03/10/2011 4:17PM

2011 NCAA men's basketball bracket players face new challenge


If you’re like most college basketball fans, you have been following all the action in the conference tournaments the past few weeks as March Madness is well under way.

This all leads up to Selection Sunday, March 13, when the NCAA’s field of 68 will be announced. That was a weird sentence to write. I never got used to writing or saying “65-team field” and now this year is the first with 68.

A lot of talk at this time of year revolves around who the four No. 1 seeds will be when the brackets are announced, as well as endless speculation about the teams on the bubble. It changes every day (and seemingly every hour) as the pundits on TV and radio (and in print and on the Internet) tell us which teams they believe are the last four to make the field and which are the four expected to be snubbed.

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What hasn’t been discussed as much – unless I’ve successfully avoided enough of the inane banter – is that the last eight teams to make the field will have to play in first-round games (aka “First Four”) on Tuesday and Wednesday in Dayton, Ohio, to earn their way into the traditional 64-team bracket that commences play on Thursday and Friday with what is now officially being called the second round.

There’s a bigger story looming that I haven’t seen receive any coverage anywhere. You see, in the past, the play-in game on Tuesday determined the last No. 16 seed, which would then be matched with a No. 1 seed. As everyone knows, no No. 16 has knocked off a No. 1 in the history of the NCAA men’s basketball tournament, so nearly everyone would just fill out their brackets with the No. 1 seed advancing and not giving it another thought. However, the plan this year is for two of the First Four games to involved teams vying to be sacrificial No. 16 seeds but the other two games will involve those four at-large teams that got in on the bubble with two of them playing to be a No. 11 seed and two battling to be a No. 12 seed.

This will certainly lead to confusion. It will also lead to delays in people filling out their brackets. Let’s say you think one of those potential No. 12 seeds can advance against the No. 5 seed but maybe not the other. That will cause you to delay filling out your bracket. Organizers of office pools throughout the country, who are used to getting a lot of last-minute submissions at work on Thursday morning, will probably have even more of a rush this year with fewer brackets trickling in earlier in the week when people used to just take the “free bingo square” with the No. 1 seed vs. the play-in winner.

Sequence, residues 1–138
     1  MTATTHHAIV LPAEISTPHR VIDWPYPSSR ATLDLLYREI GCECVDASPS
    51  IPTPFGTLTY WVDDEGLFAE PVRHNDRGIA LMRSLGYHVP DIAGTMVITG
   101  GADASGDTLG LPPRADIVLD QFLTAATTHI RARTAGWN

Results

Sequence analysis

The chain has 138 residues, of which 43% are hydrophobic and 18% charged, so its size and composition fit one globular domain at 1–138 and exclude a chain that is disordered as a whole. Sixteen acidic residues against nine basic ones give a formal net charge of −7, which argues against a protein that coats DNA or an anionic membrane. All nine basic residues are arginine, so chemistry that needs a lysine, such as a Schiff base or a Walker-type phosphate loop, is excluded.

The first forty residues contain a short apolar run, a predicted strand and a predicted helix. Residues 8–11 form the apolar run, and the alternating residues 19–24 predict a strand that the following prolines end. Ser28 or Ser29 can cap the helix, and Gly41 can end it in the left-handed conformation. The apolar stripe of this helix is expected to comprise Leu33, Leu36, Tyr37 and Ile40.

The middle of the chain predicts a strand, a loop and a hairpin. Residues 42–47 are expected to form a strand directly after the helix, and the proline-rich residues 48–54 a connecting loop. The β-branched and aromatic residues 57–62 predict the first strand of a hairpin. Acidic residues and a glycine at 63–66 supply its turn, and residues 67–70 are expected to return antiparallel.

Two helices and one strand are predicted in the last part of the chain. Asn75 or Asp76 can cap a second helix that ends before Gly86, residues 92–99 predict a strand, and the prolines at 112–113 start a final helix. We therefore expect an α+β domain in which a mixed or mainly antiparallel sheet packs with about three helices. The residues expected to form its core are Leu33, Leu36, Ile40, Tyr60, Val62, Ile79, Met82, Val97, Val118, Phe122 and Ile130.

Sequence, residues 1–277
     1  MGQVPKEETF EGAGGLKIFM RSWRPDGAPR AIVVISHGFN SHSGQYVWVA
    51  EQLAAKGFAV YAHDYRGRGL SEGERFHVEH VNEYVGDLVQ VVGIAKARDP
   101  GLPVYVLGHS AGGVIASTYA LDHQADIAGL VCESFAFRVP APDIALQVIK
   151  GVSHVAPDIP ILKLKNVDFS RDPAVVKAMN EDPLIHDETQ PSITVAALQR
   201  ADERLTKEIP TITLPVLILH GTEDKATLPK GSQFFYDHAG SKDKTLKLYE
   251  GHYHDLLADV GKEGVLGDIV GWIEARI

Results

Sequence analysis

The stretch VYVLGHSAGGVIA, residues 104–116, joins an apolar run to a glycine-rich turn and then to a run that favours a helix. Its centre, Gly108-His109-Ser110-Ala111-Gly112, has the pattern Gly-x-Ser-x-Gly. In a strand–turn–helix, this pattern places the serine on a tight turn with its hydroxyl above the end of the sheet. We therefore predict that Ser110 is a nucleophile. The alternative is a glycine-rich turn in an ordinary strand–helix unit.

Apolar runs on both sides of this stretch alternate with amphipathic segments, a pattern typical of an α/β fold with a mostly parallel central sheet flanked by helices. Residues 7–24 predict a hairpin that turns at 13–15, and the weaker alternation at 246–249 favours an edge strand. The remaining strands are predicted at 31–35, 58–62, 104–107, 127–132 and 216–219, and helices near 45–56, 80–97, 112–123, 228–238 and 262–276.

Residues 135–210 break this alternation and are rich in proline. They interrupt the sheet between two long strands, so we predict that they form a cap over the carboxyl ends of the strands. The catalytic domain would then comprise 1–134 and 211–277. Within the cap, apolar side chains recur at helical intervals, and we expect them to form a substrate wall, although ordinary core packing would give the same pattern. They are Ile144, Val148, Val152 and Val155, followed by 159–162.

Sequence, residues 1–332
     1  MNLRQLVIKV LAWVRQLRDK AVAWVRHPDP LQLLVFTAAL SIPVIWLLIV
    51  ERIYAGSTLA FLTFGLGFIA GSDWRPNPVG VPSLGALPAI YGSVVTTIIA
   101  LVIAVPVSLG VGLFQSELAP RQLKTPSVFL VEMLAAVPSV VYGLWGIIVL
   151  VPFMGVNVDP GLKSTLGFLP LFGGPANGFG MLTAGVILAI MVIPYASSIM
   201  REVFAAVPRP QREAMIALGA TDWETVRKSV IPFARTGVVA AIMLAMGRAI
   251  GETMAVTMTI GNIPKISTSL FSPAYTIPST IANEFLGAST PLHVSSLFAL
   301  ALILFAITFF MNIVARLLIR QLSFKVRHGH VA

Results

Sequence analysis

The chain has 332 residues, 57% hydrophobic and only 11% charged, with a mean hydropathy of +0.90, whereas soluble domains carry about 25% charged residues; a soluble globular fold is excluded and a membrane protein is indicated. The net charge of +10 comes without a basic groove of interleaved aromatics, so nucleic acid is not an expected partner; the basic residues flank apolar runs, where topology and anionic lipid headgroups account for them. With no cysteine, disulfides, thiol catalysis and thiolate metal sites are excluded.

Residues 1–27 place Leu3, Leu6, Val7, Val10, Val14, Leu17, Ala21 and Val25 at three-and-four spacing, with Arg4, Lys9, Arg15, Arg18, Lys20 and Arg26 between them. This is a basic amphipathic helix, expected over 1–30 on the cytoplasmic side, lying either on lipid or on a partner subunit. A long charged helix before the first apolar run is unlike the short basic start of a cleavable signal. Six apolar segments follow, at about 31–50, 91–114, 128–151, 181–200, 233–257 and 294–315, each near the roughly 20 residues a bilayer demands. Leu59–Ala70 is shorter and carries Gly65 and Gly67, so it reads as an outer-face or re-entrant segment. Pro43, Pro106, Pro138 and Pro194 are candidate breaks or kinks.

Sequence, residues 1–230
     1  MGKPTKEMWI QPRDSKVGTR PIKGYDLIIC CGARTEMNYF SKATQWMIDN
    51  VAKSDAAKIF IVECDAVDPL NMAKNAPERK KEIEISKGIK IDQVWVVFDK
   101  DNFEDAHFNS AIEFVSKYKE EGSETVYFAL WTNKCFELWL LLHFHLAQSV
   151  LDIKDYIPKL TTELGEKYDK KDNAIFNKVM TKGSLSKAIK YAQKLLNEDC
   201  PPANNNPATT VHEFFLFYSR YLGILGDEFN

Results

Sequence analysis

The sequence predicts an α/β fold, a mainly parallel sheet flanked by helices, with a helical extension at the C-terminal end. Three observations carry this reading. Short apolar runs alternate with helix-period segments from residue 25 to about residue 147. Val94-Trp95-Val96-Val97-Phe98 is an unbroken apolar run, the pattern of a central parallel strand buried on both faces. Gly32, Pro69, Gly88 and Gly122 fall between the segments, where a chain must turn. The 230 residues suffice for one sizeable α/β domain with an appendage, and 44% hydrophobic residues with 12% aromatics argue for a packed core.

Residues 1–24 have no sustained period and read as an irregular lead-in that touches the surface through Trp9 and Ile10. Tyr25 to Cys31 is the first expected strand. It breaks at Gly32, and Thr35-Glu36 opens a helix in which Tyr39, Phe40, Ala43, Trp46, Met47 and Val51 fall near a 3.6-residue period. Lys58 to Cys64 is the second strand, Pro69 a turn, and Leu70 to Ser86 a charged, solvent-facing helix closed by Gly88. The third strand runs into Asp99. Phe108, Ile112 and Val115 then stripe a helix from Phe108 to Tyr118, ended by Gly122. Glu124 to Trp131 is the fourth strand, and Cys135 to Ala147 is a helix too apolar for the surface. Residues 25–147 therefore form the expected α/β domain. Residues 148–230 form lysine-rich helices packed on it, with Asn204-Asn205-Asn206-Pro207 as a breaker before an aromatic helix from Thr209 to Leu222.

My first March Madness prediction: Next Thursday, the big business story of the day will be about all the extra man hours lost at U.S. companies due to this change and its affect on last-minute filling out of brackets.

Vegas a hot-bed of NCAA contests

Longtime readers certainly know I’m a big fan of handicapping contests, whether they be during the football season or those of the horse racing variety. For years, the Las Vegas sports books have mostly ignored March Madness as far as contests are concerned, mostly because the tourists come to town for the big opening weekend but then go back home and don’t return the rest of the tournament. The emphasis has been more on viewing parties, and that continues this year with free parties in ballrooms at the Orleans, the Gold Coast, Sam’s Town, South Point, and the Golden Nugget (as well as private parties for hotel guests, which aren’t advertised).

But this year the locals casinos have stepped up with no fewer than four holding contests:

Station Casinos (Palace, Boulder, Sunset, Texas, Aliante, Red Rock, Green Valley Ranch, and other affiliated Fiesta and Wildfire books): Last Man Standing contest costs $25 per entry; buy four and get a fifth free. Entrants pick one game against the spread each day of the tourney; one loss and you are eliminated. There is a $40,000 guaranteed prize pool, though Stations usually exceeds those. Each entrants picks a national champion before the tourney to be used as a tiebreaker; otherwise multiple perfect entries will split prize pool. Deadline to enter is 9 a.m. Thursday, March 17, with picks due each day by the tip-off of the game used.

Leroy’s (Riviera on the Strip and too many locations to list through Nevada): Three N Out contest costs $25 with a maximum of five per person. Entrants make one pick, either a side or total, each day of the tourney and you stay alive until you have three losses. All entry fees will go into the prize pool with a single champion (meaning one person with less than three losses and everyone else being eliminated) receiving the whole pot. If multiple entries go the entire tourney without three losses, the rules have provisions for splitting the pot with those with fewer entries getting a larger share. See full rules at Leroy’s books for details.

Lucky’s (Plaza, Terrible’s, Fitzgeralds, and other outlets throughout Nevada): Bailout Contest costs $10 per entry; buy three get one free. Contestants pick all tourney games against the spread. First place is $3,000, with $1,500 for second and $500 for third. There is also a $1,000 prize for the best score over the first four days of the tournament, making it appealing for those opening-weekend warriors.

Coast Casinos (Orleans, Gold Coast, Suncoast, Sam’s Town, California, Fremont): Free March Hoopla contest requires players to pick the winners of the tournament games. First prize is $10,000 for the most winners. Must join players’ club to enter and use card to submit picks at kiosks.